Friday, March 9, 2012

Tongass 77

The Tongass National Forest in Southeast Alaska is a 17 million acre temperate rainforest. It is home to many species of endangered and rare flora and fauna. This unique rainforest encompasses islands of the Alexander Archipelago, including fjords, glaciers, coastal mountains and the inactive volcano Mount Edgecumbe.

But like most of you, we worry about the fish and this region of Alaska holds all five species of salmon, steelhead, rainbow trout, cutthroat trout and dolly varden. As of right now, the majority of the ecosystems that encompass this National Forest are intact, but with increased logging and development and with that the privatization of large areas of the Tongass for resource extraction, including hydroelectric dam proposals and mining activity, there runs a risk that this strong, yet fragile ecosystem can fall without the protection of the public. The public being you and generations that come after us.

With budget cuts and funding for restoration and habitat management being taken away in the recession, the threats on the Tongass is even more dangerous then before. Looking back of the decline of salmon runs and habitat destruction throughout the Pacific Northwest and California, we now face a serious issue of preventing what our culture has allowed to occur due to development and improper planning. Without the voice of the public, government agencies and lawmakers cannot act to protect the Tongass from those who choose to exploit it. By making a unified voice on the matter government agencies, lawmakers can act using the voice of the people to help defend this amazing ecosystem and make fish habitat conservation and restoration a high priority. Unlike trying to save the scraps from our developed ecosystems in the Pacific Northwest, we can prevent this decline in the Tongass by ensuring the proper management of our resources and make sure that we have salmon and trout swimming in clear clean water for our future generations to see and enjoy.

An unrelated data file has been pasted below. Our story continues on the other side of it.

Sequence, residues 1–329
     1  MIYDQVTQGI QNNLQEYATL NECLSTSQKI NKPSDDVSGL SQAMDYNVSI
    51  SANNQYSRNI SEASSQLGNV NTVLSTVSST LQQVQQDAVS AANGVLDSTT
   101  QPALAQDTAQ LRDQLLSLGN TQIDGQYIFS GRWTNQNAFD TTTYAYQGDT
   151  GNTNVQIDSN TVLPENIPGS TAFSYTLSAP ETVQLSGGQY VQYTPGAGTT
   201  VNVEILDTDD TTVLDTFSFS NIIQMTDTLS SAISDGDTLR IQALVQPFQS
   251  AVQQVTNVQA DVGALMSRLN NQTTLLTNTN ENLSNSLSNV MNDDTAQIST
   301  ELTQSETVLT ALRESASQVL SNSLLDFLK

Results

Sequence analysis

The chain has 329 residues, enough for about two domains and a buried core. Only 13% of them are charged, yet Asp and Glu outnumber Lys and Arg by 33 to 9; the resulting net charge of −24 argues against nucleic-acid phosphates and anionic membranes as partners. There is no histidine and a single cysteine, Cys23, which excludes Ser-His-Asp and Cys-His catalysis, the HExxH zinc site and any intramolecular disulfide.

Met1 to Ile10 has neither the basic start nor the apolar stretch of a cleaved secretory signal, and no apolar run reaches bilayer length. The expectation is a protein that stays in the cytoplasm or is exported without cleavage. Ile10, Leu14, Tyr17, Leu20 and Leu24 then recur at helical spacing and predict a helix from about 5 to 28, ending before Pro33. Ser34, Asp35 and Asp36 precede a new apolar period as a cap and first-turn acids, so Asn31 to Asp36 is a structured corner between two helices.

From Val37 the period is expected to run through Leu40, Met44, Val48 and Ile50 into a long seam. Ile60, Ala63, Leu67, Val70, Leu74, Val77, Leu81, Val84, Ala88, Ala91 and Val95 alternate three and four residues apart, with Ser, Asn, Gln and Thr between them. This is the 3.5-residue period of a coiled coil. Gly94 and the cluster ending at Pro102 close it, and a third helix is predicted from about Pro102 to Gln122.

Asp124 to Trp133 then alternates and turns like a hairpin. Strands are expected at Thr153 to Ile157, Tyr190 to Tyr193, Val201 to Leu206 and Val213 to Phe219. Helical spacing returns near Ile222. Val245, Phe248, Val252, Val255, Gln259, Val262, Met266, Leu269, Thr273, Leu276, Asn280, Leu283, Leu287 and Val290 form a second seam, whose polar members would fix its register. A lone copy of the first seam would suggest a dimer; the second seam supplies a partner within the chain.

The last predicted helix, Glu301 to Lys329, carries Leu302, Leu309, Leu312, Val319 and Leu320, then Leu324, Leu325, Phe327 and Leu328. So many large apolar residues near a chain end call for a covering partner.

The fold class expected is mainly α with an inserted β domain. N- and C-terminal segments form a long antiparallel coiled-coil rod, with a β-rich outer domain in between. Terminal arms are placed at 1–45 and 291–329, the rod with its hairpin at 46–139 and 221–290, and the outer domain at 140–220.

I for one hope I get to share this important lesson to my family and get to watch black bears once again eat salmon from a free flowing stream and try to explain to them the important balance that these salmon have on not only humans that seek to catch them, but also the forest and fauna around them.

Today many groups including the Alaska offices of the Audubon Society, Nature Conservancy and Trout Unlimited have come together to identify key watersheds that are the best for salmon and trout habitat from the hundreds of Tongass watersheds. From that they have listed 77 that are key to the survival for this region. These 77 that encompass more then 1.8 acres of land are currently open for development and logging. These ecosystems need out protection.

As of right now these ecosystems are at risk without federal protection and only encompass 11 percent of the Tongass. It is time to protect this region and at the very least the 77 ecosystems at a Congressional level to ensure the protection of this rich resource. Please take a moment to check out The Tongass: America’s Salmon Forest and help save the 77 watersheds that need our support.

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